The snow was soft and powdery - great for skiing and for preserving a record of all kinds of critter activity. Beds where deer had settled into the snow were common. Also, lots of small rodent prints with an obvious tail drag mark. Piles of cone debris at the base of a tree were sign that somebody's lunch counter was in the branches above. We saw beaver gnawed trees and a couple of lodges out in the pond. Sportsmen place nest boxes here and Gwenne noticed a couple of ducks in the open water of the outlet stream.
Carter's Pond Wildlife Management Area is a 453 acre block of state land in south-central Washington County. Most people will access it by turning onto Rt. 338 (aka Co. Rt. 49) from Rt. 29 halfway between Greenwich and Salem. In a mile or two you'll come to a couple of parking areas. The first is for the nature trail and the second for boat launch and ice fishing access to the pond. One word of caution - neither area appears to be plowed which makes winter activities a little dicey. This is a place where they spend tax dollars encouraging people to visit but neglect to tell you to bring your own plow and shovel.
As it turned out, getting into the parking area was the biggest adventure we had all day. The skiing here is relatively tame. The trail isn't groomed or particularly wide but it is mostly level. First thing you'll see is a wooden viewing platform overlooking the pond. The trail here is hardened and constructed with wheelchairs in mind - at least in summer. A nice touch making this a destination for handicapped folks looking to immerse in nature.
On our visit we skied a short distance to a small dam that creates the pond. There were views to the north of a valley surrounded by hills. These are the folded and faulted low Taconics consisting of rocks that were formed to the east and subsequently thrust into place 450 million years ago. While the topography can seem chaotic and jumbled there is a discernible north - south trend to the ridges and intervening valleys. In this particular valley Cossayuna Lake, several small impoundments and the extensive wetlands of Carter's Pond are tied together by Whittaker Brook, which eventually empties into the Battenkill River.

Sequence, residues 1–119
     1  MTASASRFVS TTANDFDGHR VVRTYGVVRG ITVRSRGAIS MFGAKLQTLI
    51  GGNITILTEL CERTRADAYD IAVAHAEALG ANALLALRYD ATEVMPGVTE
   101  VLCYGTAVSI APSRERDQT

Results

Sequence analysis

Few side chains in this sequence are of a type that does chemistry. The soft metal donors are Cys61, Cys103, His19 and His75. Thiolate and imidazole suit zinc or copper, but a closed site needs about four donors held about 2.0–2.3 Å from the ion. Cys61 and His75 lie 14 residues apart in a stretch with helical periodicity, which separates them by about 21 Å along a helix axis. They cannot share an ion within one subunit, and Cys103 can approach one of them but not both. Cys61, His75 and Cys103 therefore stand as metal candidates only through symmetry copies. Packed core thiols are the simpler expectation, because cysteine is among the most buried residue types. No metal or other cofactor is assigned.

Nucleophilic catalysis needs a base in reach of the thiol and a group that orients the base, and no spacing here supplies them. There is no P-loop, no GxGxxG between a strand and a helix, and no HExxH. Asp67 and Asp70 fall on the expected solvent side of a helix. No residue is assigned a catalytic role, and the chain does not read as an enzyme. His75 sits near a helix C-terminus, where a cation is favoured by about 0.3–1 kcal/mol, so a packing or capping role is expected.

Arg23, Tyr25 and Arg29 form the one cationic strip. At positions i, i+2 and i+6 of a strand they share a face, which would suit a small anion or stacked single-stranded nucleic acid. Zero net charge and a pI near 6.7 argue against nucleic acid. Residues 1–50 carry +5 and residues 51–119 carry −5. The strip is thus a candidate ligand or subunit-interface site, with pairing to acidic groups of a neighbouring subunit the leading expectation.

Ice fishing tent on Carter's Pond
Glacial deposits from thirteen thousand years ago shape the landscape we see today. Wetlands and lakes are the result of blocked drainage. Outwash and kame deposits are currently mined for sand and gravel. We skied on a sinuous raised ridge that might be the remnants of an esker - a snake like mound of gravel left by streams running beneath glacial ice.
With deep snow this ridge and short steep banks dropping down to the stream could provide skiers with a few thrills. In winter there isn't a real need to stay on the trail. The hardwood and pine forest is open and the area so small and contained that there's no chance of getting lost. I've heard there are plans to build a bridge across Whittaker Brook which would give access to more of the area on the Ferguson Road side.
The nature trail traverses the southern point of the arrowhead shaped WMA. To the immediate north is the pond and then extensive wetlands along with small upland areas. Drive up 338 to the hamlet of Cossayuna and you can take a right on Mill Road, east across Whittaker Brook to another parking area on the northern border of the WMA. This offers the possibility of skiing on the open uplands and exploring the marshy areas along the stream. That's if you've got any energy left after shoveling out a spot for your vehicle in the unplowed lot!
The dead of winter is actually full of life if you're out and observant. At Carter's Pond, on the farm and elsewhere Gwenne and I have recently seen a fisher, a porcupine, Red Tail and Coopers hawks, flocks of crows and several deer. We've heard a barred owl hooting at night in our big maple tree. And we've seen tracks and sign of beaver, fox, mice, rabbits, squirrels, turkey and woodpecker. In the cold, white spareness of winter there is something uplifting in these sightings. Life persists and if we bravely meet the seasons challenges another spring will be our reward.
Shortly after our visit we had a January meltdown with rain and temps in the 60's. Time to switch from skis to surfboards! But as I write it's cold and snowing again so who knows? No matter how you get out there, winter is a good time for tracking and wildlife viewing. There's a new book that could help. I've heard it's good.